said axially disposed joints being spaced apart axially to provide a relief channel between each of the adjacent bearing units, said channel extending from the surface of the shaft to the inside wall of the sleeve and the joints of adjacent bearing units being angularly displaced one from the other about the circumference of the sleeve whereby the joints are staggered about the periphery of the sleeve.
2. The assembly of claim 1 wherein each bump foil contains a series of raised compliant projections and is separated at the joint from the support sheet by an axially disposed pad.
3. The assembly of claim 2 wherein the projections are equally spaced along the circumferential length of the bump foil.
4. The assembly of claim 2 wherein the spacing between the projections varies along the circumferential length of the bump foil to provide maximum stiffness in a preferred region.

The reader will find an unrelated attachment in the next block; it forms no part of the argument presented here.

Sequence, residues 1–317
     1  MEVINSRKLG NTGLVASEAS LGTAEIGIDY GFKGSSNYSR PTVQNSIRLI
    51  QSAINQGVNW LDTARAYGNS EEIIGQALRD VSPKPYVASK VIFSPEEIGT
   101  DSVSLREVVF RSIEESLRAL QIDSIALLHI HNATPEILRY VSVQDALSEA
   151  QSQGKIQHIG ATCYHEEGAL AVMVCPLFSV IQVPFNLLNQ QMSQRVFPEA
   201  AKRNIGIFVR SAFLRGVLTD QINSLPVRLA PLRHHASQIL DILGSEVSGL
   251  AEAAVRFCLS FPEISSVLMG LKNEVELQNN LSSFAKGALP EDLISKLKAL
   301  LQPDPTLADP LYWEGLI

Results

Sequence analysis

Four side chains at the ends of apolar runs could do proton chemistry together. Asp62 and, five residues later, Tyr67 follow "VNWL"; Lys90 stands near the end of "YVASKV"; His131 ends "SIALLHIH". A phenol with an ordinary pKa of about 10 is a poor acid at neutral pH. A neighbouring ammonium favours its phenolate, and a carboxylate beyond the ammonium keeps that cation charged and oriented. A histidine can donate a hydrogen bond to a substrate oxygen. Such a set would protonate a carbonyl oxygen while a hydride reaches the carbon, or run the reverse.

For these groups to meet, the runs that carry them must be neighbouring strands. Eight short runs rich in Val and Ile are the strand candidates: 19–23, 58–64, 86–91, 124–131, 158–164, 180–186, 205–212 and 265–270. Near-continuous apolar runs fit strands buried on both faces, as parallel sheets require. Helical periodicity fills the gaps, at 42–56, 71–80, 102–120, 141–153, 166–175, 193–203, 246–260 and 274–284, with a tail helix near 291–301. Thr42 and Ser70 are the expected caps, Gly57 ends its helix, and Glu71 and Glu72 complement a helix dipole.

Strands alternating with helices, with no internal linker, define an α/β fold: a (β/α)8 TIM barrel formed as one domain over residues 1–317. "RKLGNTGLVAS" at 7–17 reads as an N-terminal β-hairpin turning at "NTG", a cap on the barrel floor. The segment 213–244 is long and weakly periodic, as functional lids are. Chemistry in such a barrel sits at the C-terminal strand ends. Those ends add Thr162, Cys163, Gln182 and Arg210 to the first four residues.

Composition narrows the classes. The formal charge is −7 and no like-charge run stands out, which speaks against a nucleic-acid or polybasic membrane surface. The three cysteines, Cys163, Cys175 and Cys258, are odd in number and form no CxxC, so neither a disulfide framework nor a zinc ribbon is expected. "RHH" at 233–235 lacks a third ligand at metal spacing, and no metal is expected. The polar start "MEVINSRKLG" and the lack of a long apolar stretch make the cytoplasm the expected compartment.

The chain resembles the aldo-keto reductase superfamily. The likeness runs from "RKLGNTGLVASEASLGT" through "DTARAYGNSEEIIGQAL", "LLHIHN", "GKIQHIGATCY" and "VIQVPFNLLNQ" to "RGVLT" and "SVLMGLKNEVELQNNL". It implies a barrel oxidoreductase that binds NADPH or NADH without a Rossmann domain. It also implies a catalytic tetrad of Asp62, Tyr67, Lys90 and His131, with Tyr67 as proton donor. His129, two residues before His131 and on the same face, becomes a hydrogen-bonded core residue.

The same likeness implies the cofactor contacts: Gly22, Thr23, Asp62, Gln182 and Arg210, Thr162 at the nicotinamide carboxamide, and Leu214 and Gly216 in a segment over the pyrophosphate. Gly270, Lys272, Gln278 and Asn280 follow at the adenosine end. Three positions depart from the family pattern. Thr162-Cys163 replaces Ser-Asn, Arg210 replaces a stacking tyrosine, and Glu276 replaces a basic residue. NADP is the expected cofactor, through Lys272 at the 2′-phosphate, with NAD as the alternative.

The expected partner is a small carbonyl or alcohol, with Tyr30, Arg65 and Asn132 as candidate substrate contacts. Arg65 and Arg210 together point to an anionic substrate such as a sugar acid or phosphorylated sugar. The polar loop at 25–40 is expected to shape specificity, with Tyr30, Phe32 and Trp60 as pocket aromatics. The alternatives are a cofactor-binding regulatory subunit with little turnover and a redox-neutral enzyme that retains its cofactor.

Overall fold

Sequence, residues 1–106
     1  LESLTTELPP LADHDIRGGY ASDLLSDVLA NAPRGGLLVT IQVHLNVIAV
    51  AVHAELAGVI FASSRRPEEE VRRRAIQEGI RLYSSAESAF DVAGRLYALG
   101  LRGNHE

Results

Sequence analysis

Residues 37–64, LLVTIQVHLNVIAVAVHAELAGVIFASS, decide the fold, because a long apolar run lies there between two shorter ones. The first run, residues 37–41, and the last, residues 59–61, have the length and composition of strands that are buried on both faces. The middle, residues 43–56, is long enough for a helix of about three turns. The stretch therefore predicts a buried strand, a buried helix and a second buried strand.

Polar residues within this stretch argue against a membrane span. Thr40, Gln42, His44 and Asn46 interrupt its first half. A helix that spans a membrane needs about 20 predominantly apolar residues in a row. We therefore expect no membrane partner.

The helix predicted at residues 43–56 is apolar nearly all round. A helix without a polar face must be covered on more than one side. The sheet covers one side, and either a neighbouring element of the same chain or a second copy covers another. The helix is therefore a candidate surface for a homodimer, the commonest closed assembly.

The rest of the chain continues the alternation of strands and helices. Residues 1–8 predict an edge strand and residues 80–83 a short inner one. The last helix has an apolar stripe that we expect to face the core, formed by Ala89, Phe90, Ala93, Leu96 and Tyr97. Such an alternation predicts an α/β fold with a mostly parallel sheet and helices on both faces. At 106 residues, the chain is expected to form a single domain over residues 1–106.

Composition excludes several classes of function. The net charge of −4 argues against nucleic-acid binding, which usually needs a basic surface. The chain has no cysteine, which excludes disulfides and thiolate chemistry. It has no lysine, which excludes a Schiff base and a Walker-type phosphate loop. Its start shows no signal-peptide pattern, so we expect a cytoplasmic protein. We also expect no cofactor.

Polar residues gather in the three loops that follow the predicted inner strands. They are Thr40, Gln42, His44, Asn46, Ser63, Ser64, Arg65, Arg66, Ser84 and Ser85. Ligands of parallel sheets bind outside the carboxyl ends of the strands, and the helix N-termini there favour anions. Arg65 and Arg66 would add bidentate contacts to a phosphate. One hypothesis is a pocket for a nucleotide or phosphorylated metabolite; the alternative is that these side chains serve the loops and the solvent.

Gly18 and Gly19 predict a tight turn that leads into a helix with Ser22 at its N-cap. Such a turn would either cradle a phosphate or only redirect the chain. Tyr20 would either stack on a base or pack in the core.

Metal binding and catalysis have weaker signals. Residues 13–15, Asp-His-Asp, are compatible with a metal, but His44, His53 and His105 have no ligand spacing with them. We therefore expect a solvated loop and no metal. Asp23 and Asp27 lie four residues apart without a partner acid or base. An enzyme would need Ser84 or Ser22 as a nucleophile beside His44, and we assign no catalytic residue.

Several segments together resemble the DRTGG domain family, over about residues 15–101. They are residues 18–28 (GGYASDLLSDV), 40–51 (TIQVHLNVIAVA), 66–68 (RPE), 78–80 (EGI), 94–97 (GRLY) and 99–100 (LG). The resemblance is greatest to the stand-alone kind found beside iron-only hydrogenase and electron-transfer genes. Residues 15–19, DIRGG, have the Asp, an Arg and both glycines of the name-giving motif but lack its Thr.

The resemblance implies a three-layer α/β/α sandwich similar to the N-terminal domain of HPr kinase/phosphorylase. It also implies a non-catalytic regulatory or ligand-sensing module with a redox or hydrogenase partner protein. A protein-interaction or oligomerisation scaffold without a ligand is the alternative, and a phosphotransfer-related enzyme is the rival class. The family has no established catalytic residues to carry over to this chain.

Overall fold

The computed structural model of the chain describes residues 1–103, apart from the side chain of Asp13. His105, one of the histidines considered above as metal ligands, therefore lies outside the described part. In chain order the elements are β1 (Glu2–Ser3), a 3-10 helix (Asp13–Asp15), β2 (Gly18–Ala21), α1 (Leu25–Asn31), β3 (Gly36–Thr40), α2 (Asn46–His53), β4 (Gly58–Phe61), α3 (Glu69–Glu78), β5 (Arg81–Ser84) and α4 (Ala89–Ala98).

5. The assembly of claim 1 wherein each bearing unit contains a plurality of foil sandwiches mounted end to end about the circumference of the shaft.
6. The assembly of claim 1 wherein the bearing assembly contains two end bearing units that are more compliant than the bearing units positioned therebetween.
7. The assembly of claim 1 wherein the sleeve contains an opening passing therethrough that communicates with the relief channels located between adjacent bearing units.
8. The method of supporting a rotor shaft within a journal bearing sleeve that includes the steps of
mounting a plurality of independent foil bearing units in axial alignment along the shaft beneath the sleeve so that the combined length of the units is sufficient to carry the bearing load,